The Sydney funnel web spider is a shy one that can cause a lot of problems (5 photos + 1 video)
Spiders themselves are unpleasant creatures. With whom ordinary people are not eager to contact unnecessarily. And the inhabitants of the mysterious continent - Australia, in this regard, are generally ahead of the rest.
The Sydney funnel web spider (Atrax robustus) is a mini killing machine. One bite is enough for the arthropod to paralyze and kill the victim.
The small creature has such a nasty character that it attacks without warning. And the level of frantic aggression is such that the spider can easily bite through shoes and even a human nail.
The species was first described in 1914 by British explorer William Joseph Rainbow. And its representatives are considered the most poisonous on earth. Toxins, which include robustotoxin and atraxin, enter the bloodstream a couple of minutes after the bite.
Fortunately, after the advent of the antidote in the 80s, no deaths were recorded. But if the drug is not administered, death caused by arterial hypotension occurs within a few days.
The insidious quiet creatures feel comfortable not only in the wild, but also in parks and squares, posing a very real threat to people.
Atrax robustus leads a rather solitary lifestyle: it digs holes near clusters of stones and fallen trees and stretches nets. Near which it sits, waiting for prey. Females do not leave their homes at all, and males leave their shelter only when they go in search of love.
Quite often, spiders form entire colonies of up to hundreds of individuals. True, respecting other people's space and weaving your network at a distance from your neighbors.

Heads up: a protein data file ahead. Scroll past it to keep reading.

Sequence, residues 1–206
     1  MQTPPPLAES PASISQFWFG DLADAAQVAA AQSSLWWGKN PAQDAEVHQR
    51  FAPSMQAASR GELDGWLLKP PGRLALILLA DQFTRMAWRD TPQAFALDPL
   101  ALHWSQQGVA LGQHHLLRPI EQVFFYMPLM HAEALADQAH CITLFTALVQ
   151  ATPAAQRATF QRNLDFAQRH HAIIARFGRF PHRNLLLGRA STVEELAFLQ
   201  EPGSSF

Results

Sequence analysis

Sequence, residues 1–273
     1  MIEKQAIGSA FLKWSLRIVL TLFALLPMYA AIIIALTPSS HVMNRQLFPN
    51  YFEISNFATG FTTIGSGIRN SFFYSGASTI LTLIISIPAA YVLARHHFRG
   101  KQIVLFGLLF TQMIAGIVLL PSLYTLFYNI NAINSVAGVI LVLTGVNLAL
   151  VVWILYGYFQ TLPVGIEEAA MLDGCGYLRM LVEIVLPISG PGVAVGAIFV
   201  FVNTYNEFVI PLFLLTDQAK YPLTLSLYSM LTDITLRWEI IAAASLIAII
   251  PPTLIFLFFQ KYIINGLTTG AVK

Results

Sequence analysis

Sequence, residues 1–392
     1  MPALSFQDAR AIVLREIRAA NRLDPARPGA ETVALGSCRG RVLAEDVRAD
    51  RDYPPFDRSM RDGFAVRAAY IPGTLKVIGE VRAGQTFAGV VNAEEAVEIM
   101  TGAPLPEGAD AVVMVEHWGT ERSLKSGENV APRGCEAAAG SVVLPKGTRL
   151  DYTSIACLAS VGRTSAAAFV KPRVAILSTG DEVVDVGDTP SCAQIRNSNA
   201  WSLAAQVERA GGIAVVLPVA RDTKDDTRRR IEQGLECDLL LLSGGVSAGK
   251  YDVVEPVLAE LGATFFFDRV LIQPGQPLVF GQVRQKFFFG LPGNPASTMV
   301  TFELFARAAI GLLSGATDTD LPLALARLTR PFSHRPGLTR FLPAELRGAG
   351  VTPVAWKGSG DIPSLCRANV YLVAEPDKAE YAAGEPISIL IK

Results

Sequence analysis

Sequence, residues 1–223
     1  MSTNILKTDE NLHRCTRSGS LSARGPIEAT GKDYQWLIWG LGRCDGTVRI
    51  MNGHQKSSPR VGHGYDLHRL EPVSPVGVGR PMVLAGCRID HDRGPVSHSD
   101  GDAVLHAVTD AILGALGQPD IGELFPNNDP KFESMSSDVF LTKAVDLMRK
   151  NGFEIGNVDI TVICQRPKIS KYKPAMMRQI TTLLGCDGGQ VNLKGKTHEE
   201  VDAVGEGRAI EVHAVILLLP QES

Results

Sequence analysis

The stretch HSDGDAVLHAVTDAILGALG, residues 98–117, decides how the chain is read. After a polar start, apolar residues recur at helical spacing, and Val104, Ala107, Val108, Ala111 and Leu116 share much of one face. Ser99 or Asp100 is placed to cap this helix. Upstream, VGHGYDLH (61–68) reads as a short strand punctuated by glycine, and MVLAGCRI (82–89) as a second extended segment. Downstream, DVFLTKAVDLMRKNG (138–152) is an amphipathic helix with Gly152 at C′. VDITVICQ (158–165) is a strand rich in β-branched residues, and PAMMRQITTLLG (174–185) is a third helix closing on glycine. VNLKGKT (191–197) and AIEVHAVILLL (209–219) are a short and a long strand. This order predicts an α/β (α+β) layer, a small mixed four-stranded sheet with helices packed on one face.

During heavy rains, Sydney spiders have to look for dry and warm shelter. And this gives rise to a new danger: often, in this capacity, spiders choose attics and hallways of houses, where they enjoy the warmth, crawling into pockets or shoes. With all the possible consequences.
Males reach a length of 5 centimeters. Females are slightly shorter. The body is smooth and shiny on the outside, and covered with sparse hairs on the abdominal side. A distinctive feature of Sydney spiders are their impressive fangs, reaching 5 millimeters, and pronounced arachnoid glands.
With their impressive fangs, arthropods prepare their prey (usually snails and insects, but spiders can also pamper themselves with small amphibians and reptiles) for consumption. The poison injected into the victim’s body turns its insides into a kind of nutrient broth, dissolving them. And the spider feeds on this substance, ultimately leaving only a dry, empty shell of its prey.
The courtship process in males who have reached the age of 2 years is interesting. Having caught the girl's scent, they move towards the potential bride and delicately warn of their arrival by tapping their paws on the wood or ground. Those who are especially impatient can even tug on their chosen one’s web. If the female is satisfied with everything, then she responds to the partner with a similar knock.
After the act of love and fertilization, the gentleman quickly runs away from the meeting place with all his ten legs. Because there is a great risk of becoming the first meal of the now expectant mother.
The female spins a cushion-shaped cocoon and lays many eggs inside. Every day and more than once, she performs a sacred ritual - she cleans and shakes the pillow so that future children will be clean and comfortable. The spider rushes at anyone who dares to approach her offspring like a tigress, ready to protect her treasure from any adversity.
The spiderlings are born after about three weeks. And for the next few months they are in the care of their parent. After which they crawl away to begin an adult, rather long (up to four years for males and up to 12 for females) and full of adventure life.